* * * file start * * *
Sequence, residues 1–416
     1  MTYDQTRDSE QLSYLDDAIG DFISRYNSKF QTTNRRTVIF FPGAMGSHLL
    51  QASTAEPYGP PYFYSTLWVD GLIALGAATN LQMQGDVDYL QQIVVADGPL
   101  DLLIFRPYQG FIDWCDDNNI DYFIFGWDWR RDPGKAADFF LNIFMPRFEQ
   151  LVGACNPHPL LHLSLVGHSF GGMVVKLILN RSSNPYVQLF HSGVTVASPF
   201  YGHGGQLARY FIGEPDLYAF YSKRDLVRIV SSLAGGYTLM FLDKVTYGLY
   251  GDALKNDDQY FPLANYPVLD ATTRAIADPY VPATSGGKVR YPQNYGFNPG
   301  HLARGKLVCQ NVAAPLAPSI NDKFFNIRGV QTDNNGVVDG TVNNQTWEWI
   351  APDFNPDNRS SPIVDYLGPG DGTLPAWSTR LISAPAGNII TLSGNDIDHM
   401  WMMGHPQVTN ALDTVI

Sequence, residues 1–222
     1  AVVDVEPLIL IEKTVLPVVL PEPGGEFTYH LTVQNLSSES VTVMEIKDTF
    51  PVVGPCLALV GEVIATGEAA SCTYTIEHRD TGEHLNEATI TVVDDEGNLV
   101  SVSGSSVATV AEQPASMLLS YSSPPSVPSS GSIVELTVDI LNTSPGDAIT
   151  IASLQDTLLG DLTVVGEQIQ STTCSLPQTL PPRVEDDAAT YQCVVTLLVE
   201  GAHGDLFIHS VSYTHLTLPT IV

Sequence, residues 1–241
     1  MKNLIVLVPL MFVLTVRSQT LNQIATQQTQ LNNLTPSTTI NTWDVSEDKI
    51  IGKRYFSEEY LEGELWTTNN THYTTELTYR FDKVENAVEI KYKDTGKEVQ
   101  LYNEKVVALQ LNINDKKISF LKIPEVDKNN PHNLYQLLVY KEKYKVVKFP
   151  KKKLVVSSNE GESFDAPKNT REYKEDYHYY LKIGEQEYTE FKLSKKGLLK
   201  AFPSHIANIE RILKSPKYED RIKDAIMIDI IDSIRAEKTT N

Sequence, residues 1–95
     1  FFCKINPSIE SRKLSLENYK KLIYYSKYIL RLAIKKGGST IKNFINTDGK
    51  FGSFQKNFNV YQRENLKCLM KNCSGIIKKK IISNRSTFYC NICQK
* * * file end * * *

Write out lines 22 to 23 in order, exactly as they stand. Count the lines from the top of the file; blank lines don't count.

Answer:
   201  AFPSHIANIE RILKSPKYED RIKDAIMIDI IDSIRAEKTT N

Sequence, residues 1–95